Dominican president-elect faces challenges
BY CHRISTINA HOAG
Only a few years ago, the Dominican Republic was one of Latin America's economic darlings. It's now the black sheep.
When President-elect Leonel Fernández takes office next Monday, he'll face a far different scenario than when he ran this Caribbean country from 1996 to 2000. Back then, it was enjoying growth rates of 8 percent a year driven by manufacturing-for-export industrial parks.
The boom burst a year ago when a series of banks collapsed and the government spent $2.2 billion, about 20 percent of the country's gross domestic product, to bail out depositors.
''This is a president who's going to have a very short honeymoon,'' said Dan Erikson, Caribbean analyst with the Inter-American Dialogue in Washington D.C. ``He's got some tough challenges.''
The Dominican economy is set to sink by 1 percent to 1.25 percent this year, second only in the region to Haiti's projected drop of 2 percent, according to the Economic Commission for Latin America and the Caribbean and the American Chamber of Commerce of the Dominican Republic.
Inflation is on track to break 52 percent this year, unemployment is closing in on 17 percent and the Dominican currency has plunged in value from 16 pesos to the U.S. dollar in the late '90s to 45 pesos now.
The economic turmoil is accompanied by increasingly frequent blackouts, fuel shortages and a frustrated populace.
Immigration is soaring -- more than 7,000 illegal Dominican immigrants have been detained in Puerto Rico since Oct. 1, double the number of the preceding 12 months. Last week, a group of 100 students rioted at the University of Santo Domingo.
''The turnaround has been so severe,'' Erikson said. ``There's ongoing frustration.''
However, the country's crucial tourism sector, which brought in $3.1 billion last year, has so far remained unscathed by the bubbling crisis.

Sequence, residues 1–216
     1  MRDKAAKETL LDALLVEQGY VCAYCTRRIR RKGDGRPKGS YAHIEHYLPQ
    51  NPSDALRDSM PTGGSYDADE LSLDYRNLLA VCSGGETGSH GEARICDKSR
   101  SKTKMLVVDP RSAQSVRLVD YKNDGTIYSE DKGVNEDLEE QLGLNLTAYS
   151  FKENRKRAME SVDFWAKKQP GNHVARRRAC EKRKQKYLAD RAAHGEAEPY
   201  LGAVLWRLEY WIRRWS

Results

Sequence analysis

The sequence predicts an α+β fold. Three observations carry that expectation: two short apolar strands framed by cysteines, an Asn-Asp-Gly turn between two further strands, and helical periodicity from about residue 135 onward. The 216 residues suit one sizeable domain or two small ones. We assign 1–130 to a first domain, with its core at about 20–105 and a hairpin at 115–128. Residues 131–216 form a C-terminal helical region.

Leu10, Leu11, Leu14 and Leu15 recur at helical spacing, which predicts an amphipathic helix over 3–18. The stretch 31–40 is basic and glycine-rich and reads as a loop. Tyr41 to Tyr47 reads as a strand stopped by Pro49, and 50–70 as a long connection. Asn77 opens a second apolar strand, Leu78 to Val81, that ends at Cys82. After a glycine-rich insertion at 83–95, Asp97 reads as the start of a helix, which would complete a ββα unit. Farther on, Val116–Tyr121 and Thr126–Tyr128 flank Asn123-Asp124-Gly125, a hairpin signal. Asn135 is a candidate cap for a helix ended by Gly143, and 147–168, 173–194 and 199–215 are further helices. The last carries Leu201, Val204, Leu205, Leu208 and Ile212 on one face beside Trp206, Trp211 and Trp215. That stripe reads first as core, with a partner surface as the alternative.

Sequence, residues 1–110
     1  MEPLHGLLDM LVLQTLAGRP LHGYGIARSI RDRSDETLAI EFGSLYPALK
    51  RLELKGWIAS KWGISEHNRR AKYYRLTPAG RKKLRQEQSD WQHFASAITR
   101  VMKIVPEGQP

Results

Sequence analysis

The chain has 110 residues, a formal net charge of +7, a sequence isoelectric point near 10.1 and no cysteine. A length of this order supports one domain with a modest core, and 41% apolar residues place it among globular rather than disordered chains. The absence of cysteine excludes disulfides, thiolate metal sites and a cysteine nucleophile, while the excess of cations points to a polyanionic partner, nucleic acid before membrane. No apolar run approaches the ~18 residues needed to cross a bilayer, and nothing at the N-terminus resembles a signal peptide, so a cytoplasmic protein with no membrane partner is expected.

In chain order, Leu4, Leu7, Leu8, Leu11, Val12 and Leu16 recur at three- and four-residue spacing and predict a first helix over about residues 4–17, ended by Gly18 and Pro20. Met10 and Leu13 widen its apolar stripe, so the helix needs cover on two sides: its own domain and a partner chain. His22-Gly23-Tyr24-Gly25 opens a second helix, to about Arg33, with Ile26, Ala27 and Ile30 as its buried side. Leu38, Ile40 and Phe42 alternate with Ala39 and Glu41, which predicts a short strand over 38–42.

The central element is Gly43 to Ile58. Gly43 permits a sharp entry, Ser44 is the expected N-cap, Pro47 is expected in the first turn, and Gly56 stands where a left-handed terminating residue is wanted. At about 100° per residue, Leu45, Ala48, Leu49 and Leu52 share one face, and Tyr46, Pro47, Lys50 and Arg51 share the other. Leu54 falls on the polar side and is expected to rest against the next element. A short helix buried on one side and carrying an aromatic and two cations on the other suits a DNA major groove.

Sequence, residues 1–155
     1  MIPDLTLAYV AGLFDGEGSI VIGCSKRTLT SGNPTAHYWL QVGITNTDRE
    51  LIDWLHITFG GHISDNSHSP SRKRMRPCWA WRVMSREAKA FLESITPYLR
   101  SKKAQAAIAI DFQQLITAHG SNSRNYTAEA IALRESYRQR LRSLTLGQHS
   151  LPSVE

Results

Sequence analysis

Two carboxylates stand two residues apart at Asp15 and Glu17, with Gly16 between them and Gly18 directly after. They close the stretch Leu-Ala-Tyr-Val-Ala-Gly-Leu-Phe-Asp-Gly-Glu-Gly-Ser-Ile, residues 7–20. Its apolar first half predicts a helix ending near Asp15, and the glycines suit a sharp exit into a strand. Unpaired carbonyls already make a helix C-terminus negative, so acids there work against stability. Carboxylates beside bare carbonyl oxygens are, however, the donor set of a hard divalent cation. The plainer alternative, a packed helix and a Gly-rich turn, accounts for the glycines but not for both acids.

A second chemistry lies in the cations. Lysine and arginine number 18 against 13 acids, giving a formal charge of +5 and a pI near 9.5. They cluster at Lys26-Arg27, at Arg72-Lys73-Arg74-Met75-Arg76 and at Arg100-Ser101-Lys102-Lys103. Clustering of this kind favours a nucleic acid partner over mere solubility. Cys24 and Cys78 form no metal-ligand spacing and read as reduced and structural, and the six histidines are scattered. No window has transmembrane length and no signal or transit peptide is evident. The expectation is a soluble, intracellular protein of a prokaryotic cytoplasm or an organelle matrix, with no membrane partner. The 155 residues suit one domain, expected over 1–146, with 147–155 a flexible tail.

Arrivals jumped 20 percent last year and hotel occupancy bounced up 10 points, to a robust 73 percent, according to Ernst & Young.
''It's still our strongest destination,'' said Brad King, manager of Plaza Vacations in Coral Springs. ``The price can't be beat.''
Most of the country's tourist destinations lie in relatively isolated areas, such as Punta Cana, far from the turbulence in capital Santo Domingo, and many are all-inclusive resorts.
''You basically go there and you don't feel you have to go out of the hotel compound,'' said Rogerio Basso, Caribbean hospitality analyst with Ernst & Young in Miami. ``Punta Cana even has its own international airport so you fly right in.''
Fernández's post-inaugural priority will be to avoid a default on a $27 million interest payment on a bond that the nation missed two weeks ago.
He's already announced that he's considering several new taxes to help fill the budget deficit, estimated at $100 million to $200 million, and signing a new accord with the International Monetary Fund.
The economy could also receive a shot in the arm from the new free-trade pact, signed a week ago, that Dominican Republic entered into with Central America and the United States. That could stimulate more exports and cheapen imports.
But analysts warn that Fernández faces several double-edged swords.
His proposed 16 percent tax on airfares could put the Dominican Republic at a competitive disadvantage as compared to other Caribbean destinations, hurting tourism, and tax hikes could create unrest in the populace.
Key is keeping a lid on violence so as not to scare away visitors or
foreign investors, who remain keen particularly about the country's tourism
prospects. ''The political situation can't get out of hand,'' Basso said.